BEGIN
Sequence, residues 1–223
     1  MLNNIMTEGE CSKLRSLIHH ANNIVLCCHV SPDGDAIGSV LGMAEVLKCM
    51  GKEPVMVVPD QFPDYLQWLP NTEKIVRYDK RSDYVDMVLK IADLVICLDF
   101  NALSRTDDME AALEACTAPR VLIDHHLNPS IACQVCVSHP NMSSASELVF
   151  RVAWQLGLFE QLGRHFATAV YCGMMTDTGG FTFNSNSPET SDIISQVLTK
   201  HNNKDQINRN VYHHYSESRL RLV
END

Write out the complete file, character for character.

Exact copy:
Sequence, residues 1–223
     1  MLNNIMTEGE CSKLRSLIHH ANNIVLCCHV SPDGDAIGSV LGMAEVLKCM
    51  GKEPVMVVPD QFPDYLQWLP NTEKIVRYDK RSDYVDMVLK IADLVICLDF
   101  NALSRTDDME AALEACTAPR VLIDHHLNPS IACQVCVSHP NMSSASELVF
   151  RVAWQLGLFE QLGRHFATAV YCGMMTDTGG FTFNSNSPET SDIISQVLTK
   201  HNNKDQINRN VYHHYSESRL RLV